divine

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English[edit]

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Pronunciation[edit]

Etymology 1[edit]

From Old French divin, from Latin dīvīnus, from divus (god).

Adjective[edit]

divine (comparative more divine, superlative most divine)

  1. of or pertaining to a god
  2. eternal, holy, or otherwise godlike.
  3. of superhuman or surpassing excellence
  4. beautiful, heavenly
  5. (obsolete) foreboding; prescient
    • Milton
      Yet oft his heart, divine of something ill, / Misgave him.
  6. Relating to divinity or theology.
    • South
      church history and other divine learning
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Translations[edit]
The translations below need to be checked and inserted above into the appropriate translation tables, removing any numbers. Numbers do not necessarily match those in definitions. See instructions at Help:How to check translations.

Noun[edit]

divine (plural divines)

  1. One skilled in divinity; a theologian.
    • Denham
      Poets were the first divines.
  2. A minister of the gospel; a priest; a clergyman.
    • J. Woodbridge
      The first divines of New England were surpassed by none in extensive erudition.
  3. (often capitalized, with 'the') God or a god, particularly in its aspect as a transcendental concept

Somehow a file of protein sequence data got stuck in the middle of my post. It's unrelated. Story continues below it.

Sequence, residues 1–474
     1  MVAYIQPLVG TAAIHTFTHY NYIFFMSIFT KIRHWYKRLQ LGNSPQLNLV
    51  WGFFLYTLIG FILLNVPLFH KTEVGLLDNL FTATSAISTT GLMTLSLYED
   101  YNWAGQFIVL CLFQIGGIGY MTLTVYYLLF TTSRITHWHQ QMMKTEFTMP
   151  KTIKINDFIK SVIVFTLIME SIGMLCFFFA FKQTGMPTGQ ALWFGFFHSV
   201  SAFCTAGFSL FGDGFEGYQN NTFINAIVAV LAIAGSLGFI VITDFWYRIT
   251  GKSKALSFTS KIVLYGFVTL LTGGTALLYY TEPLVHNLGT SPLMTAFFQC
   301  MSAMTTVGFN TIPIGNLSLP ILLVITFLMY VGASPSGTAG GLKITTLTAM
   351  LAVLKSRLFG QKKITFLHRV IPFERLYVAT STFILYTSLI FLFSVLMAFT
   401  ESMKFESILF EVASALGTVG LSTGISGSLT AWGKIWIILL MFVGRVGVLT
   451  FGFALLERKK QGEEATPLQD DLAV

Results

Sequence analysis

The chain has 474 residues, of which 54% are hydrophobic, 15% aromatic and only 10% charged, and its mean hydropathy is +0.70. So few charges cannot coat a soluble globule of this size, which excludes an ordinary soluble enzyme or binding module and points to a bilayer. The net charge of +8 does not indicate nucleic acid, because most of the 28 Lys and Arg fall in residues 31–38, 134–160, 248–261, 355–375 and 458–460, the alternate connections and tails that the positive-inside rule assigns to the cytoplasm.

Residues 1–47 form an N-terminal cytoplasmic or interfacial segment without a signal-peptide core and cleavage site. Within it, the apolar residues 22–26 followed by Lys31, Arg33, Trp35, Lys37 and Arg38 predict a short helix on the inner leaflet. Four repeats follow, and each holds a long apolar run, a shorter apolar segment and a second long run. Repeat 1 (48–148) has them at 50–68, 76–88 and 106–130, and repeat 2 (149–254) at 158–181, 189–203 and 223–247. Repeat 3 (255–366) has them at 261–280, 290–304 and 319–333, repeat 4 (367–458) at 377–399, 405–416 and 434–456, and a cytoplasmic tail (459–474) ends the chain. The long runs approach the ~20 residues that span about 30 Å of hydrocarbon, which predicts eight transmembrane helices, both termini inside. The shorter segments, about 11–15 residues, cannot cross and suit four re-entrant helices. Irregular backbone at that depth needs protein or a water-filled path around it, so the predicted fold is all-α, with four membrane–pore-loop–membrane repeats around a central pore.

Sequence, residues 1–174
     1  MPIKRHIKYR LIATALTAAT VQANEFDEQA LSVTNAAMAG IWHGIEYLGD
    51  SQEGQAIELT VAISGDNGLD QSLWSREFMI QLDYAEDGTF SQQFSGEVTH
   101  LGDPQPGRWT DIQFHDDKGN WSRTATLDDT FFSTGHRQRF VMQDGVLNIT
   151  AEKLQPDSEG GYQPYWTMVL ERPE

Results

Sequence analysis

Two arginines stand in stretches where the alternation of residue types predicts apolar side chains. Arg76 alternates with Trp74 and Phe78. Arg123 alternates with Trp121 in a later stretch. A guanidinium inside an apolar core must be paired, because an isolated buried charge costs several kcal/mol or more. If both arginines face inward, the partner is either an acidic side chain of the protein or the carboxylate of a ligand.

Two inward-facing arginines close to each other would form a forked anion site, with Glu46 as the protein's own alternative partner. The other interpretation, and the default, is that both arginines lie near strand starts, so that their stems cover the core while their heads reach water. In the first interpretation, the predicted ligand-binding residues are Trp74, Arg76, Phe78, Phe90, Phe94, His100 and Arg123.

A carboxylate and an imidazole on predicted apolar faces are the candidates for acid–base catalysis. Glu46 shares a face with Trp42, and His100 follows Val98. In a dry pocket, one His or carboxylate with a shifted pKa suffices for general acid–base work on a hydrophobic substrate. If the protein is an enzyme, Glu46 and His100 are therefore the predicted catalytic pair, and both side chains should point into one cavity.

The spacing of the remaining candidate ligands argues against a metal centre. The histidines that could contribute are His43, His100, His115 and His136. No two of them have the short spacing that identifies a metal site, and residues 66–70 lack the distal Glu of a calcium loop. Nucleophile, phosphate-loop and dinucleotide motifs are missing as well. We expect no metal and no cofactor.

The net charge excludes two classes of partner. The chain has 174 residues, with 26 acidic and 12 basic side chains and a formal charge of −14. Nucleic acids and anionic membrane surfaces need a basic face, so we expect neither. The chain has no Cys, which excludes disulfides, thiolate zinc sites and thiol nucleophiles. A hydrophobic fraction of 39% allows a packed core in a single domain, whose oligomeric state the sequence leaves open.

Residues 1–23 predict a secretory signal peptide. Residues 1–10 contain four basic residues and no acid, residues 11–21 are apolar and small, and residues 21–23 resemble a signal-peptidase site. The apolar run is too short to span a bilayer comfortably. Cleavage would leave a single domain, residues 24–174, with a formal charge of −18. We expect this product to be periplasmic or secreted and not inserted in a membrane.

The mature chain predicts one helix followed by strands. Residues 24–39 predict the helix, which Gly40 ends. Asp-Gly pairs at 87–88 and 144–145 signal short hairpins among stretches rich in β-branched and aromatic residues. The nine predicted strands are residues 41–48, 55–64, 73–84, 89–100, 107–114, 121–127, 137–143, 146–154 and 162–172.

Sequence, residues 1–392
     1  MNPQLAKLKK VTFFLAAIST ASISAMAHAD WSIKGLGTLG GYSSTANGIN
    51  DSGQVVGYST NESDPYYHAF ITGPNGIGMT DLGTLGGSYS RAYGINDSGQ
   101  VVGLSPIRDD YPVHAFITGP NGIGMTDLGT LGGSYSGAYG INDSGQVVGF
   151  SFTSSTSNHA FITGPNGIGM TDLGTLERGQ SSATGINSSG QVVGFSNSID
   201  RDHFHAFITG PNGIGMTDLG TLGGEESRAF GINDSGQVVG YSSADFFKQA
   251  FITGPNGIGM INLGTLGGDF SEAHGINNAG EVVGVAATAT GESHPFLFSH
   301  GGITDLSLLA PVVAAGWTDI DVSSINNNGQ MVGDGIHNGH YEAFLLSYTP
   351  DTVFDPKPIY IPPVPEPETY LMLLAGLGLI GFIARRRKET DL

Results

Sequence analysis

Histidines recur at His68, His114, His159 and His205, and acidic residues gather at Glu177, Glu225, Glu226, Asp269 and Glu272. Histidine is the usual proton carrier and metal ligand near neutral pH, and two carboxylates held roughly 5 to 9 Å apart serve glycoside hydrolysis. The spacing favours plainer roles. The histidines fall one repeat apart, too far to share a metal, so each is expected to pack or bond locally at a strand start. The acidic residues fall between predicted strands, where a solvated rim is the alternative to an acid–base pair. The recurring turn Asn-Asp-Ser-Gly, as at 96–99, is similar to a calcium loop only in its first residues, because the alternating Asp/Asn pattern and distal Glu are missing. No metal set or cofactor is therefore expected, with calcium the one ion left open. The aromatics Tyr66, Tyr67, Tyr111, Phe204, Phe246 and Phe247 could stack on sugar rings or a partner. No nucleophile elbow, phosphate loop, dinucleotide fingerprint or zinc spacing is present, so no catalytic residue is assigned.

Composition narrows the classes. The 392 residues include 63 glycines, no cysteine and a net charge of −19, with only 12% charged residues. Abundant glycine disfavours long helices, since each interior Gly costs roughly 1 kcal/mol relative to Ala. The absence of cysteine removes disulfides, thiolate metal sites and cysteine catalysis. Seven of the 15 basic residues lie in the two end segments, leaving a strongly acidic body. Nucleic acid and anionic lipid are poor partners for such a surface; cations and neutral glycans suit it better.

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Translations[edit]
The translations below need to be checked and inserted above into the appropriate translation tables, removing any numbers. Numbers do not necessarily match those in definitions. See instructions at Help:How to check translations.

Etymology 2[edit]

From Middle French deviner, from Latin divino.

Verb[edit]

divine (third-person singular simple present divines, present participle divining, simple past and past participle divined)

  1. (transitive) to foretell (something), especially by the use of divination
    • Bancroft
      a sagacity which divined the evil designs
    • Shakespeare
      Darest thou [] divine his downfall?
  2. (transitive) to guess (something)
  3. (transitive) to search for (underground objects or water) using a divining rod
  4. To render divine; to deify.
    • Spenser
      Living on earth like angel new divined.
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French[edit]

Pronunciation[edit]

Adjective[edit]

divine

  1. feminine form of divin

Italian[edit]

Adjective[edit]

divine

  1. feminine plural of divino

Latin[edit]

Etymology[edit]

From dīvīnus (of divine origin)

Adverb[edit]

dīvīnē (comparative dīvīnius, superlative dīvīnissimē)

  1. prophetically, by divine inspiration
  2. divinely, admirably

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References[edit]

  • Charlton T. Lewis (1891) An Elementary Latin Dictionary, 1st edition. (Oxford University Press)